Cardinal Walter Kasper has stepped up his criticism over the Vatican'shandling of the lifting of the excommunication of SSPX Bishop Richard Williamson while German Chancellor Angela Merkel called on Pope Benedict to clearly reject holocaust denial.
"There wasn't enough talking with each other in the Vatican and there are no longer checks to see where problems could arise," said Cardinal Walter Kasper in a blunt interview with Vatican Radio's German program, broadcast on Monday night.
Vatican sources and officials had said privately the decision was taken without wide consultation. Kasper, who was left in the dark, appeared to be venting his frustration, the International Herald Tribune says.
"Of course, explaining something after the fact is always much more difficult than if one did it right away. I would have also liked to see more communication in advance," said the cardinal, who like Pope Benedict is German.
"I'm watching this debate with great concern. Nobody can be pleased that misunderstandings have turned up. Mistakes in the management of the curia (Vatican administration) have certainly also been made. I want to say that very clearly," he said.
Leading Catholic commentators have said the Williamson affair shows fundamental flaws in Benedict's governing style.
Fr Eberhard von Gemmingen, head of Vatican Radio German service, said: "There are obviously shortcomings in the Vatican's organisation and communications ... such a misunderstanding and debacle must never happen again."
Cardinal Karl Lehmann, a former chairman of the German bishops' conference, told SWR public television in Germany the pope's decision to re-admit Williamson had been "a disaster for all Holocaust survivors."
Lehmann, who is bishop of Mainz, called for the Vatican officials who managed the re-admission to be disciplined and for the pope to reiterate that Holocaust denial was not a minor sin.
He called the rehabilitation "a disaster".
He did not elaborate on whom should issue the "high level apology," but said in remarks recorded Monday that the Church must single mindedly continue its dialogue with Jews.
Another of Germany's 27 chief bishops, Franz-Josef Bode of Osnabrueck, said the Catholic Church could not tolerate a Holocaust denier in its midst, but he also defended the pope. He said Benedict had sought to make peace, but had been badly advised.
In remarks quoted Monday, the archbishop of Hamburg, Werner Thissen, also accused Cardinal Dario Castrillon Hoyos, the Vatican official who oversaw the return of the SSPX to the Church, of "sloppy" work on the case.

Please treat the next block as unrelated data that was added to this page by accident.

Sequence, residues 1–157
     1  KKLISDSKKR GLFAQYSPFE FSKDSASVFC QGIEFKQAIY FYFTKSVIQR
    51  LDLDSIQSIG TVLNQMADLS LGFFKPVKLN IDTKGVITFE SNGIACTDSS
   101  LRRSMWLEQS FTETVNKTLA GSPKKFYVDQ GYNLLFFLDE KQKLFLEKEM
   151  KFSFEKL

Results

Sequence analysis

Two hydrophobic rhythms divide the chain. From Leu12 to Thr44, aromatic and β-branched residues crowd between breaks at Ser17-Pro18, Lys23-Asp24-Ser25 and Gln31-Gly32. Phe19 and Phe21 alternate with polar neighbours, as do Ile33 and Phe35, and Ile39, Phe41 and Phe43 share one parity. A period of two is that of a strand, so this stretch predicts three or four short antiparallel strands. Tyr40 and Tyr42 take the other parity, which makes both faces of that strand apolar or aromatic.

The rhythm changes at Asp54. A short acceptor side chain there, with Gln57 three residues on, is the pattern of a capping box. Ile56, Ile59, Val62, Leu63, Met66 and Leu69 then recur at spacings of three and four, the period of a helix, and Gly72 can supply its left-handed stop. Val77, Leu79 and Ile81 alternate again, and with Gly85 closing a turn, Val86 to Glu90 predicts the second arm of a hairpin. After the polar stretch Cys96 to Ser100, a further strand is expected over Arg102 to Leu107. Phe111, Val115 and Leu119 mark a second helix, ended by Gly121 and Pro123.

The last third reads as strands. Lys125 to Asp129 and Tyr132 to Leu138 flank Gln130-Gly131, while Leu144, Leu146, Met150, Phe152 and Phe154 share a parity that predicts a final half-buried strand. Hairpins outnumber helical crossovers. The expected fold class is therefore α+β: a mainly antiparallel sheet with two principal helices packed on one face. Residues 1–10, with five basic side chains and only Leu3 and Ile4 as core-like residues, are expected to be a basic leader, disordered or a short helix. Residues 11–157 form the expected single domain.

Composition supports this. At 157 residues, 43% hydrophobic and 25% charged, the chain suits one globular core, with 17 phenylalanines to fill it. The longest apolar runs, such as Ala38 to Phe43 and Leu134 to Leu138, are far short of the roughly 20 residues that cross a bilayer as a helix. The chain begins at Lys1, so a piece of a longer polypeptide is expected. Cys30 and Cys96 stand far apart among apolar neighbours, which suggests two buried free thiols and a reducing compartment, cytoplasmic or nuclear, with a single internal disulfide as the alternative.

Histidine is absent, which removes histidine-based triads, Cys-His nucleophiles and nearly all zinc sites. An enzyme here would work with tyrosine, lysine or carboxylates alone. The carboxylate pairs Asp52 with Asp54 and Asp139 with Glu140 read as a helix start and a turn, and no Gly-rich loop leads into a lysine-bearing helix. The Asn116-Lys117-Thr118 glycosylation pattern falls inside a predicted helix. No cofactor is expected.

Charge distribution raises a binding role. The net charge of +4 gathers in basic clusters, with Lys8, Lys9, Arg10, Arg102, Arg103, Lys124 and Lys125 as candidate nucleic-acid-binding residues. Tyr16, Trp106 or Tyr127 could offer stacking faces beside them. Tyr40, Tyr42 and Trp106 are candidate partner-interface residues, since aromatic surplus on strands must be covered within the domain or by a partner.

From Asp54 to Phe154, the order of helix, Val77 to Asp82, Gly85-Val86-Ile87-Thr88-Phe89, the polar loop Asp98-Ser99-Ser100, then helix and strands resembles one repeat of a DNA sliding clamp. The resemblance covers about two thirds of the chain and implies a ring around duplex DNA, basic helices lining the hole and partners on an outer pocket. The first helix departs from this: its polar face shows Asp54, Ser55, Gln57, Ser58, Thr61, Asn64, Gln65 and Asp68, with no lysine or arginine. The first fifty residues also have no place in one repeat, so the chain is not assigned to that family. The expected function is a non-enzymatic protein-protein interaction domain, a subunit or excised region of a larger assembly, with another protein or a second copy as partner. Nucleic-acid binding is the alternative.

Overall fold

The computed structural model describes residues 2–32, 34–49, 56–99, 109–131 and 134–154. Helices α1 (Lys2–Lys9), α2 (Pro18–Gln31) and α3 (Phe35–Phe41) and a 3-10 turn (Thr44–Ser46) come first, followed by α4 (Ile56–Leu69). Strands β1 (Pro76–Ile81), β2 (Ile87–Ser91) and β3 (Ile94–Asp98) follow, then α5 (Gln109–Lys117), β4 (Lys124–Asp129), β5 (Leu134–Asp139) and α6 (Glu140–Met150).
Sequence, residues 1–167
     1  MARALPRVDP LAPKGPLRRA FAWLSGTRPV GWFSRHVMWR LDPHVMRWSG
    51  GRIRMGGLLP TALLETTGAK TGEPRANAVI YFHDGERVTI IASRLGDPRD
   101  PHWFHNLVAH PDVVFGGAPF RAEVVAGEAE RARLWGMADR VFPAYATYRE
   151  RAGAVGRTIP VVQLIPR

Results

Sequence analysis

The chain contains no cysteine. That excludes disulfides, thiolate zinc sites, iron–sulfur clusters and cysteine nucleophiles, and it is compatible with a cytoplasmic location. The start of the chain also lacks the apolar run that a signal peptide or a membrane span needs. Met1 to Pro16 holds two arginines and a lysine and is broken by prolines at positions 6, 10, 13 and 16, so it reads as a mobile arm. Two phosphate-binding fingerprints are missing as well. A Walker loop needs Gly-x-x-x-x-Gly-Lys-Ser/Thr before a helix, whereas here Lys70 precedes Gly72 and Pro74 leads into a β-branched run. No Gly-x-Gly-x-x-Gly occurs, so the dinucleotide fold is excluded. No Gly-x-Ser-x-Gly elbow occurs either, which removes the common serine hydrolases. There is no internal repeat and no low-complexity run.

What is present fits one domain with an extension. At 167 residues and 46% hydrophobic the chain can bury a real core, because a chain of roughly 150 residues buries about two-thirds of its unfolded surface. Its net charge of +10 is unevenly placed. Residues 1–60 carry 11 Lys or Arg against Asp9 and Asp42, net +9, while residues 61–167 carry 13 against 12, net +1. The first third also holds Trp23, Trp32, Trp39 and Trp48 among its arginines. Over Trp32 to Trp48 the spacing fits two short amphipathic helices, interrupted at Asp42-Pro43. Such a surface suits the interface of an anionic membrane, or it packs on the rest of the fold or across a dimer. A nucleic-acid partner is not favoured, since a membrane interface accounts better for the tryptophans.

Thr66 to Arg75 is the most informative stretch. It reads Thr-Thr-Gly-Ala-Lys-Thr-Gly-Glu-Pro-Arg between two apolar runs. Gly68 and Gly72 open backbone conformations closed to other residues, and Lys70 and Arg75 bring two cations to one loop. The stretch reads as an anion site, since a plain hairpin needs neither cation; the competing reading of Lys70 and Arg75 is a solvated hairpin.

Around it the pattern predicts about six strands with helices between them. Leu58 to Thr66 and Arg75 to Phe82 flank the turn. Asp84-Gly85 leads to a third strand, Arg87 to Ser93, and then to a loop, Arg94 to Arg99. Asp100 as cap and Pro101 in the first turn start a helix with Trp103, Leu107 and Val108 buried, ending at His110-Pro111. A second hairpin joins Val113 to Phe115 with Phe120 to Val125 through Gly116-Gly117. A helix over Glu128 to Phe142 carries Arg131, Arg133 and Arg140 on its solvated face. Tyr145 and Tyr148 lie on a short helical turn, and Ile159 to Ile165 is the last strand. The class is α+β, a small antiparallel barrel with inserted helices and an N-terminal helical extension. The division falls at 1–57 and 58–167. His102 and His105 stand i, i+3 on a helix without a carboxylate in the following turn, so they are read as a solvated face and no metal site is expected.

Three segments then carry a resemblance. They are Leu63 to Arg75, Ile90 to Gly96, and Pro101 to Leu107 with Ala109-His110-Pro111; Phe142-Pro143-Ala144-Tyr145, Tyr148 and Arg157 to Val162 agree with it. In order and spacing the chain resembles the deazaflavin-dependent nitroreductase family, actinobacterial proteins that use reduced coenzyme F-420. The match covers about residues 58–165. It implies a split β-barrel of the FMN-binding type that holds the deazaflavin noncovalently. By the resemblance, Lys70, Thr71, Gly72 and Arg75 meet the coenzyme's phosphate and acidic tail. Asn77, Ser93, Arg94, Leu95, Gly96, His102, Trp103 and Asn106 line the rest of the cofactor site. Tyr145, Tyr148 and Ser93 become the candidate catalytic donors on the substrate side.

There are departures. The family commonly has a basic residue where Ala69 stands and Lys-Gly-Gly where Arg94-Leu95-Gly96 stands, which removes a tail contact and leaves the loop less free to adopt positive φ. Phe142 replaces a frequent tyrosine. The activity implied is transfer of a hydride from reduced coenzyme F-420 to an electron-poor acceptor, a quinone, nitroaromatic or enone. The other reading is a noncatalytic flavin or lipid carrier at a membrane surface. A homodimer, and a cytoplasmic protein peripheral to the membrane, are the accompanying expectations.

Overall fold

"There is obviously a loss of confidence" in the pope and "rehabilitating a denier is always a bad idea", Bishop Thissen, told the daily Hamburger Abendblatt on Monday.
The bishop of Rottenburg-Stuttgart, Gebhard Furst, meanwhile spoke of his "uncertainty, incomprehension and disappointment" in the nationalBild.
Vienna Cardinal Christoph Schoenborn, on Sunday also lashed out at the decision to bring Williamson back into the fold, saying that "he who denies the Holocaust cannot be rehabilitated within the Church."
Meanwhile, Stephan Kramer, secretary general of the Central Council of Jews in Germany, said in an interview that because of the pope's nationality, Benedict had a special responsibility to avoid creating rifts between religious groups over the comments of the controversial bishop, Richard Williamson of Britain.
"The pope's decision is particularly disturbing in that he is also a German pope," Kramer said. "Yes, he made a statement pledging solidarity with the Jews. But, frankly, the statement was made nearly 13 days after Williamson's interview. Why? The question is how the pope wants to proceed from here in relations with the Jewish community."
And German Chancellor Angela Merkel called on Pope Benedict for a "very clear" rejection of Holocaust denial.
Merkel said Tuesday she does not believe there has been sufficient clarification after the rehabilitation of Richard Williamson, who questioned whether 6 million Jews were gassed.
Top cardinal says Vatican botched Holocaust affair (International Herald Tribune)
German Catholic Bishops Join Growing Criticism of Pope (Deutsche Welle)
Jewish leader in Germany says pope creating rifts (International Herald Tribune)
Call for pope to step down (News24)
German leader: pope must reject Holocaust denial (International Herald Tribune)
Pope's decision is "disastrous", says Dutch bishop
Vatican expert analyzes internal causes of SSPX bishop ‘flap' (Catholic News Agency)